Stage 1 - informal challenge
On receipt of a written challenge the case is put on hold while we examine the challenge information provided. We examine every case individually, and if we accept your reasons we'll cancel the PCN and you won't have to pay anything. A challenge received within the discount period, ie 14 days of the date of issue, will be offered extended discount in the event that the challenge is rejected.
Stage 2 - formal representation
If your informal challenge is rejected you'll receive a 'notice of rejection of challenge' letter. You may decide that you disagree with this decision. If so, a further formal representation can be made to the Parking Team, but only when the registered keeper of the vehicle receives a Notice to Owner (NTO). This legal document will be sent out 28 days after either the penalty charge notice was issued or the date of the notice of rejection of challenge letter. The full penalty will be payable at this stage. A Notice to Owner is sent at this time irrespective of whether an informal challenge was initially made, and only if the PCN remains outstanding. The Notice to Owner is served on the registered keeper of the vehicle, irrespective of who may have been driving on the date of the contravention.
An Appeals Officer not involved in the earlier informal challenge stage will investigate the formal representation, and either a notice of acceptance or notice of rejection will be sent in response.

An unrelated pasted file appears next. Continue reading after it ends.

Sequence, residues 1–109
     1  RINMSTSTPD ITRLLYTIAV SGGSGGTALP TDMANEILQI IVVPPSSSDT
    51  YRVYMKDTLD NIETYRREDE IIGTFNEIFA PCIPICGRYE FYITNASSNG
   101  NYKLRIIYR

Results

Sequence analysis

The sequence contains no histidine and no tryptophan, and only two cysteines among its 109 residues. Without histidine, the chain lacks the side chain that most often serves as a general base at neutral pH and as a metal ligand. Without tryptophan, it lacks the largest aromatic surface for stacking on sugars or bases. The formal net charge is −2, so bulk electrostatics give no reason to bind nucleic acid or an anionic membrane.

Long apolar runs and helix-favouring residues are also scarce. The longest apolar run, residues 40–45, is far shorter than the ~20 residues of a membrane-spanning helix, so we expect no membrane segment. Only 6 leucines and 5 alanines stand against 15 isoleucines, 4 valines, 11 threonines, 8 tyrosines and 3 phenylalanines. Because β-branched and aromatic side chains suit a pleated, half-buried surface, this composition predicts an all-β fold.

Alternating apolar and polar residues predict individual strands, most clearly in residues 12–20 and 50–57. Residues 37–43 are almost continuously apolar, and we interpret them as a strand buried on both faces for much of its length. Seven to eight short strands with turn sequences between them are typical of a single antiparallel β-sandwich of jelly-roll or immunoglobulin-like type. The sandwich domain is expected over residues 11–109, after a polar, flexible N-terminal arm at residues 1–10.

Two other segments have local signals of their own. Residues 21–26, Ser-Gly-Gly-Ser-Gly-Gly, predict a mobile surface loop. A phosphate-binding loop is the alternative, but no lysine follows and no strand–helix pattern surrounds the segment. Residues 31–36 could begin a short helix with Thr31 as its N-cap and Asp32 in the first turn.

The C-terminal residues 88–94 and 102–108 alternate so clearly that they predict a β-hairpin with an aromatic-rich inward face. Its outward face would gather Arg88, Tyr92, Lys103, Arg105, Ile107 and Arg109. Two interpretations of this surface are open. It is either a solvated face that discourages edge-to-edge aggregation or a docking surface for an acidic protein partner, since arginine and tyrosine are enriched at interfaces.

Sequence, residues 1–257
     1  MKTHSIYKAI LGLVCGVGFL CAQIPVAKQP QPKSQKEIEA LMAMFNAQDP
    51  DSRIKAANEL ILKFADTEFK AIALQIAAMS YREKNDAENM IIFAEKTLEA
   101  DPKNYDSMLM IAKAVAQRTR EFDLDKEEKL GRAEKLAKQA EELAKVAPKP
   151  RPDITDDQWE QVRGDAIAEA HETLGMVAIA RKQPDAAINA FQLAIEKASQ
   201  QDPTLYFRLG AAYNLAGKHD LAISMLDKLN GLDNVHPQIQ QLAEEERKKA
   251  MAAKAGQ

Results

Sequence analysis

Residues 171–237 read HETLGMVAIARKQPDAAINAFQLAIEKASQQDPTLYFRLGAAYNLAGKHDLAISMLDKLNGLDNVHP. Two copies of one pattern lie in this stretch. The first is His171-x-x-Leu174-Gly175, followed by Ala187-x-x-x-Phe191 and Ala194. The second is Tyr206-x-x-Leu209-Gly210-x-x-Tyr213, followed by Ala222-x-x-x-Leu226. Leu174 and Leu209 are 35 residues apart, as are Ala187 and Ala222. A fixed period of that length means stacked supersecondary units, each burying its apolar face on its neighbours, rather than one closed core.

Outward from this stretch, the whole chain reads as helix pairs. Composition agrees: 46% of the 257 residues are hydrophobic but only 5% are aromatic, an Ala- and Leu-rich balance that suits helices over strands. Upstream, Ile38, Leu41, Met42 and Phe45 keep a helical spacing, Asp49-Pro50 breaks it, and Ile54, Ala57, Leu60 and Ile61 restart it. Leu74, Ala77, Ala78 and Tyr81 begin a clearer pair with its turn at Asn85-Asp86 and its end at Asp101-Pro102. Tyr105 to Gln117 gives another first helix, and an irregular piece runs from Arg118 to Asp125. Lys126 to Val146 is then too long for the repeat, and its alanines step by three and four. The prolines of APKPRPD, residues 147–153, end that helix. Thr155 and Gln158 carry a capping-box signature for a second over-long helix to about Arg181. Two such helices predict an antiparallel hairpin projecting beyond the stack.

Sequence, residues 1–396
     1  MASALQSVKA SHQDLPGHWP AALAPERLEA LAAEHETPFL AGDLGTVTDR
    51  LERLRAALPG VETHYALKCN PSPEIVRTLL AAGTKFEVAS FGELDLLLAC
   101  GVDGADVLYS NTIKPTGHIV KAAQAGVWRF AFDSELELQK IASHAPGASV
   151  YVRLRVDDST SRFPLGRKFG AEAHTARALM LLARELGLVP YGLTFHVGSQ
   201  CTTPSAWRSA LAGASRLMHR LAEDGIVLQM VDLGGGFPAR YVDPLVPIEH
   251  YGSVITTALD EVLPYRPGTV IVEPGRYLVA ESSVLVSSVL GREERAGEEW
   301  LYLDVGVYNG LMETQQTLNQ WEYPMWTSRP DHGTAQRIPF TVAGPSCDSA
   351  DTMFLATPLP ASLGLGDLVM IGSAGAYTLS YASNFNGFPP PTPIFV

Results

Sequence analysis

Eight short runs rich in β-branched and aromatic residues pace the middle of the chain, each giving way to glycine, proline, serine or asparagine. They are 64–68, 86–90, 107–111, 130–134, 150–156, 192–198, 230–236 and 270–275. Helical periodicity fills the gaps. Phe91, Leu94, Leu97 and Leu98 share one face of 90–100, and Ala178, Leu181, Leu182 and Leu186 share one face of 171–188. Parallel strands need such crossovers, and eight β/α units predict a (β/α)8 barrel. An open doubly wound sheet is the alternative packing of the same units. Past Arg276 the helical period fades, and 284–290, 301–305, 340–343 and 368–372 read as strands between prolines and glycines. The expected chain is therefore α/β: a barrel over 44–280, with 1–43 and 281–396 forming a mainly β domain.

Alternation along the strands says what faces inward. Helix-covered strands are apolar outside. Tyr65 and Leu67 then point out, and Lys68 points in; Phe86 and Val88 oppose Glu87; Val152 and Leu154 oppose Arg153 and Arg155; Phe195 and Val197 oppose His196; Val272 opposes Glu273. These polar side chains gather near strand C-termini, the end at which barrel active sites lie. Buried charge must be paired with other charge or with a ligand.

Stage 3 - appeal
If a formal representation is rejected you'll receive a notice of rejection of representation, which will explain the reasons for upholding the PCN. This document will also explain that a subsequent appeal may be submitted to the Traffic Penalty Tribunal for consideration by an independent adjudicator. The appellant may choose to have their appeal dealt with either by post, telephone or at a personal hearing. This part of the procedure will be fully explained in the notice of rejection of representation.
The adjudicator's ruling is final, and a motorist could face having to pay costs if their appeal was felt to be unreasonable. Costs may also be awarded against us if we're considered to have acted similarly.
Stage 1: Notice to Owner is issued
Payment of the penalty charge notice is the liability of the registered keeper of the vehicle. They'll receive a Notice to Owner if the charge remains unpaid after 28 days, and be given the option to pay the full amount or make a representation.
Stage 2: charge certificate
If the Notice to Owner isn't actioned by the registered keeper, a charge certificate will be issued after the statutory 28 days have elapsed (56 days from the initial penalty issue date). The original penalty charge payable at this stage will have been further increased by 50%.
Stage 3: registered debt and recovery by Enforcement Agents
If the increased amount remains unpaid after a further 14 days, the amount will be registered with the Traffic Enforcement Centre at Northampton County Court as a debt. Reaching this stage will incur an additional charge of £8. Once the debt is registered, a further 21 days will be allowed for payment. A warrant of execution will be issued and discharged by certified Enforcement Agents, who will take recovery action if the debt isn't paid within the statutory time limit.
The original penalty charge on the date of issue will have been £50 or £70 depending on whether or not the contravention is levied at the lower or higher level of penalty; by this time it will have increased to £75 and £105 respectively.